In Brief

MPs back Brexit delay bill by one vote

Yvette Cooper's bill comes as talks continue between May and Corbyn

MPs have voted by a majority of one to force Theresa May to ask for an extension to the Brexit process.

The emergency bill, proposed by Labour’s Yvette Cooper, requires the government to bring a legally binding vote to MPs, seeking an extension to Article 50, with the Commons able to determine the length of the extension.

It passed its third reading about half an hour before midnight by just one vote – 313 ayes to 312 noes.

However, the bill will need Lords approval to become law and it is the European Union which decides whether or not to grant an extension.

It comes after the first day of talks between May and Labour leader Jeremy Corbyn to end the Brexit deadlock. Although discussions between the two leaders were described as “constructive”, the Labour leader sounded downcast when he described them as “useful but inconclusive”.

He added: “There hasn't been as much change as I expected but we will have further discussions tomorrow to explore technical issues.”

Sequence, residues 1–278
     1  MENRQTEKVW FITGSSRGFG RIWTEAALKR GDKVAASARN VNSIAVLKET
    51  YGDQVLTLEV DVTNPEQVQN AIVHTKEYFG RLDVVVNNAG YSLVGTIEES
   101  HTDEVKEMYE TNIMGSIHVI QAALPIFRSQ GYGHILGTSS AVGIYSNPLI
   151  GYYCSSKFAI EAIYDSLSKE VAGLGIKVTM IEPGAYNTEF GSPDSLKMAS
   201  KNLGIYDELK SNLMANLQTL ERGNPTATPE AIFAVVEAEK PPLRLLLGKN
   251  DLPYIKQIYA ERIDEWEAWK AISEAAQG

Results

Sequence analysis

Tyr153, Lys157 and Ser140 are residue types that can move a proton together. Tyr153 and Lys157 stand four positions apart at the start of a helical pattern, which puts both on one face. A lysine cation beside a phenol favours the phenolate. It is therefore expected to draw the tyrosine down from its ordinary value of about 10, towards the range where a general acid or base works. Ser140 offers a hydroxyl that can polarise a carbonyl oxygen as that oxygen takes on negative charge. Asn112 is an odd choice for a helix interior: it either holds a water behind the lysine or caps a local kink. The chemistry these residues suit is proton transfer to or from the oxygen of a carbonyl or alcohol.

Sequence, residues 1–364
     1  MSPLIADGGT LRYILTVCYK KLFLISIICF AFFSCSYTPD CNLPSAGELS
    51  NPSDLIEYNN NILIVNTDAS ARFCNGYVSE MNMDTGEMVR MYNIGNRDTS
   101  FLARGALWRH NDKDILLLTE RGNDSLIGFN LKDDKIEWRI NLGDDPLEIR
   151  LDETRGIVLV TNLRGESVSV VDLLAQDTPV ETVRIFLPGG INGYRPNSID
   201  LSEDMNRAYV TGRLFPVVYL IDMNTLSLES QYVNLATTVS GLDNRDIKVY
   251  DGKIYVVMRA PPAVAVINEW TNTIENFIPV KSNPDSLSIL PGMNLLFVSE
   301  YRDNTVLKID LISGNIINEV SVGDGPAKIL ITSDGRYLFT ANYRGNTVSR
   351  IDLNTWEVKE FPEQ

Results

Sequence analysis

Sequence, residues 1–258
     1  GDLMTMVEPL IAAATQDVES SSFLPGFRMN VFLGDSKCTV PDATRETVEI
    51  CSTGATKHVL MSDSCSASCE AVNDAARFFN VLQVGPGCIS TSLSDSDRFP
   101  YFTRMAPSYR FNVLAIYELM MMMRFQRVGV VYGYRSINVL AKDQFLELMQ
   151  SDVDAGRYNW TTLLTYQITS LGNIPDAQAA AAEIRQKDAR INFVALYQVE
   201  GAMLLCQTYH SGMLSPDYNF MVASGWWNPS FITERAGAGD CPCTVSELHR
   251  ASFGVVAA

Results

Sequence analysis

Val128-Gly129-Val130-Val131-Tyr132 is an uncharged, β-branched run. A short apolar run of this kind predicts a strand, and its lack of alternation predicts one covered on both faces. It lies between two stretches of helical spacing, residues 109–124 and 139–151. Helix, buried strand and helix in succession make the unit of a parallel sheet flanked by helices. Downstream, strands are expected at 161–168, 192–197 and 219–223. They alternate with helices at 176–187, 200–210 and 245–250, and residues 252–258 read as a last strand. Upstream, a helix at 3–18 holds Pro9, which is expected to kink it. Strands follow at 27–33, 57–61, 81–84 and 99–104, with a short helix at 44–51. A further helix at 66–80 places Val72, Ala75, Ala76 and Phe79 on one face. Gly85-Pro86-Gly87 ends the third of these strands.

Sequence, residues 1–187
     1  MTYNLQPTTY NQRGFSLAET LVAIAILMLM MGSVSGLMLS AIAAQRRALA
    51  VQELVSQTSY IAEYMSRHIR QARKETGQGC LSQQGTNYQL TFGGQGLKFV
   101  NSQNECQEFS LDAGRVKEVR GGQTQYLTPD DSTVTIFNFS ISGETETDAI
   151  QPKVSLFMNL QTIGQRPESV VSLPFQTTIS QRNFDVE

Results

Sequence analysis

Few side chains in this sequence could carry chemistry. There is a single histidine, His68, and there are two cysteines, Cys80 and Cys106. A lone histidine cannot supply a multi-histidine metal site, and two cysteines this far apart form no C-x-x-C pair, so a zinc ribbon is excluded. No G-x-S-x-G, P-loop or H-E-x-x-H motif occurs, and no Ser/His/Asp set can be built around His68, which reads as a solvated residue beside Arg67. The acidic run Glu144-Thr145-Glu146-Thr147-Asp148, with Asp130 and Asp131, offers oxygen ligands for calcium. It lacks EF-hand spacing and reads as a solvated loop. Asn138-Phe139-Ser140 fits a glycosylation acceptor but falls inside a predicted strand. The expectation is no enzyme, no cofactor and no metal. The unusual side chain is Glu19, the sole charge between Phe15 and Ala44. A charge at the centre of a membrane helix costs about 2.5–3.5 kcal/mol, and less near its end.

The Times says both are facing a “furious backlash” from their parties over their meetings. May suffered two resignations over the issue. Chris Heaton-Harris, a Brexit minister, and Nigel Adams, a Welsh Office minister and whip, both quit yesterday.

Adams, a close ally of Boris Johnson, told the PM: “It now seems that you and your cabinet have decided that a deal cooked up with a Marxist who has never once in his political life put British interests first is better than no deal. I profoundly disagree with this approach.” Brexiteers are once again threatening to submit letters of no confidence in May as their party leader.

The Guardian says that “Labour tensions over a second referendum burst into the open” when the shadow foreign secretary, Emily Thornberry, wrote to colleagues to insist any pact must be put to a public vote. Corbyn later assured an emergency meeting of the shadow cabinet that he was aware of the risk of helping the government. 

During another testing day for May she did receive one small boost when MPs failed in a bid to take control of the Commons timetable for a third round of indicative votes on Brexit alternatives.

After MPs’ votes came to a 310-310 tie, Speaker John Bercow was given the casting vote. In line with parliamentary precedent, he voted with the government and went with the noes. It is the first time since the 1990s that such a scenario played out.

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